He tucked his resume and his headshot in his bag before heading off to work; he had an audition later in the evening. He got on his usual train, heading from the upper heights of Long Island into the more tourist-y parts of the city. Kurt hated tourists, but they were where the money was.

He found himself flashing back to his old glee club days during his train ride, remembering how Mike had always been so quiet and, to a point, reserved. The only time he had really captured their attention – and not because of his dance moves – was when he and Tina had dated for a short time. That had caused quite the fuss over friendships and loyalties and Kurt remembered how he had grudgingly sided with Tina when he would have much rather been popping wheelies in the spare wheelchairs with Artie and Finn.

"So who is he?" Kurt's co-worker, Marigold ("The name is Mari! Don't call me that hideous excuse for a name ever again, dick-head!") asked him, drumming her fingernails on the glass counter and looking at him with a raised eyebrow.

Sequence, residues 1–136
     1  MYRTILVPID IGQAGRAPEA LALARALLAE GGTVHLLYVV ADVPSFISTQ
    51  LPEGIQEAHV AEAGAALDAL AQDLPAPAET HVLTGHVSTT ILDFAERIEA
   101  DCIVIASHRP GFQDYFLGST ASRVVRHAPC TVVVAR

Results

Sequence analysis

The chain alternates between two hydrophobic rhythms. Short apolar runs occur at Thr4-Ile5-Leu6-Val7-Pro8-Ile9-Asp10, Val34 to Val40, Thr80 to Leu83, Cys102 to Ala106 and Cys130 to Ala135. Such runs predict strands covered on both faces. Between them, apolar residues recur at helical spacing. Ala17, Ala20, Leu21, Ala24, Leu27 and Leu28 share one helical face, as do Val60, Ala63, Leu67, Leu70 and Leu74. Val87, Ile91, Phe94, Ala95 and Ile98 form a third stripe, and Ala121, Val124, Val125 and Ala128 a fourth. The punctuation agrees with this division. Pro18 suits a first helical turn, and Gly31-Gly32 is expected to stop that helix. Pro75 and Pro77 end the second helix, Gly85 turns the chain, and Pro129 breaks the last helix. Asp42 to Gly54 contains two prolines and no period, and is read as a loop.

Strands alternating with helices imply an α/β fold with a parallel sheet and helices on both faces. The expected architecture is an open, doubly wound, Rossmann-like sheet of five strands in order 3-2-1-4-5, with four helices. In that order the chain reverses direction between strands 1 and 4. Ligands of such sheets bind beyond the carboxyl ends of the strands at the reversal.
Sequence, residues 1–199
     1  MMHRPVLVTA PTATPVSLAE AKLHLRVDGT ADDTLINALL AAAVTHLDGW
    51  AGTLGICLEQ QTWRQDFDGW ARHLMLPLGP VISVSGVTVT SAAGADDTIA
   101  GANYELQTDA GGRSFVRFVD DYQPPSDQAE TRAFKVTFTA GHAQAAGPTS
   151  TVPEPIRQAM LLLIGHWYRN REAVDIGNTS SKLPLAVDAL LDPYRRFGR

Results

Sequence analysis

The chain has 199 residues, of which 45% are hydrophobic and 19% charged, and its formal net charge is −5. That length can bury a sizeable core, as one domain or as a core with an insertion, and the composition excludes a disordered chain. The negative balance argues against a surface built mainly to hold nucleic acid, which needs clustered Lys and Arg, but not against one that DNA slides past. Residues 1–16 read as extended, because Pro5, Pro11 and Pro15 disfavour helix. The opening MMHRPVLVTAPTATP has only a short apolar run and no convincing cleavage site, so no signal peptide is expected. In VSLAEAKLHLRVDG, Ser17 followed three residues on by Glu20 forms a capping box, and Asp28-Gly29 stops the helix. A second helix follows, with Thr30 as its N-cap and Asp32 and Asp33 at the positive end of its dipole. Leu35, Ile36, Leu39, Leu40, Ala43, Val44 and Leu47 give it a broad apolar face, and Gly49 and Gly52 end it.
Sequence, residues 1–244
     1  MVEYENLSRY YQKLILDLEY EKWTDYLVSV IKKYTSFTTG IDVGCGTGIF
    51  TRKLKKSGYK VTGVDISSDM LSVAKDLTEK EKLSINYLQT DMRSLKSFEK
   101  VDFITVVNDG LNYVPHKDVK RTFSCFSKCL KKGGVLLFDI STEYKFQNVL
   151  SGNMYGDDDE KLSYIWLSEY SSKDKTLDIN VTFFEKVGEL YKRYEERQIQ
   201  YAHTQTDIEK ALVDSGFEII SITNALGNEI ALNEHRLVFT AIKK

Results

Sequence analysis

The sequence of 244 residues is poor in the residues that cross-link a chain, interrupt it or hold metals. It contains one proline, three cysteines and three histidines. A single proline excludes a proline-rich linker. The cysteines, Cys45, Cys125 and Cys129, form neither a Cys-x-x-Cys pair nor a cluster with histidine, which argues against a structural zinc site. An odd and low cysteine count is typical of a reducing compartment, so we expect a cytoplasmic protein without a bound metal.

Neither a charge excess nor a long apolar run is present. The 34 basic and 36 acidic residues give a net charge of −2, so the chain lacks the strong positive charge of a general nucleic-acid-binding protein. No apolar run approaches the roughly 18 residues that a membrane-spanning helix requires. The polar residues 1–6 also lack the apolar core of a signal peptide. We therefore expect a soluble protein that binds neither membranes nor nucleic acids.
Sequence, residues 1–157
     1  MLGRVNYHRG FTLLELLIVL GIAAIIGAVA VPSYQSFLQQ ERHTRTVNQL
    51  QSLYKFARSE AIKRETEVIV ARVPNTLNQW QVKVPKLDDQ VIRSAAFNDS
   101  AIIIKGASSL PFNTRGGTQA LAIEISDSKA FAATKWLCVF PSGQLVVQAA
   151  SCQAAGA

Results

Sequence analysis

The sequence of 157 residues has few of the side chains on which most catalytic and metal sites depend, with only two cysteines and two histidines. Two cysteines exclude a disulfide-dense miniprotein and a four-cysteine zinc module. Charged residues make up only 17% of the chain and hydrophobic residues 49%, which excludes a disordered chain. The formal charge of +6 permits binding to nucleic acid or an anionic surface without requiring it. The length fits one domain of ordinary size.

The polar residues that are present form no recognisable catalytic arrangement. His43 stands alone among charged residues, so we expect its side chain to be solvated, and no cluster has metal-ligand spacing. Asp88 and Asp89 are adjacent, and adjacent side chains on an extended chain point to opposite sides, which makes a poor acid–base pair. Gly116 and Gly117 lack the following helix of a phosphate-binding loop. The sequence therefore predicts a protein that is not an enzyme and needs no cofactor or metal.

"Excuse me?" Kurt straightened up, unaware that he had drifted into thought – again – while on his shift at the register.

"Honey, there are only two things in the world that put that look on your face," Mari pointed at him, smirking. "You've either had one hell of a good night in the sack and you're thinking about the chiseled god waiting for you in your bed, or you've started flirting with the little sixteen-year-old at Starbucks again."

Kurt's face purpled.

"I told you, he looked older!"

Mari held up her hands, still smirking.

"And don't call him little," Kurt put his hands on his hips. "For your information, he's six-foot-two."

"I'm not even going to ask how you know that," Mari gave a tittering laugh. She bent closer to him, resting her elbows on the counter and her chin across her folded fingers. "But anyhow, you must give me the nasty details. Did this one leave a hickey behind your ear?" She craned to get a look. Kurt swatted her away.

"No, Mari, I wasn't doing anything of the sort last night," Kurt's jaw stiffened. "I was thinking back to my days in high school, if you must know."

"And about the time you sucked off the quarterback in that shoe-fella's office?"

Kurt's face turned even redder, and he spluttered for a few moments before he could wrap his tongue around the words.

"Remind me to never tell you about any of my sex dreams again."

"Oh, was that one a dream?" Mari closed one eye and tilted her head, trying to remember. "Kurt, honey, you know better than anyone that I don't remember those kind of details."

Kurt glared at her. Mari glared back.

"So are you going to tell me his name or not?" Mari asked, finally, leaning back to give Kurt his personal bubble back.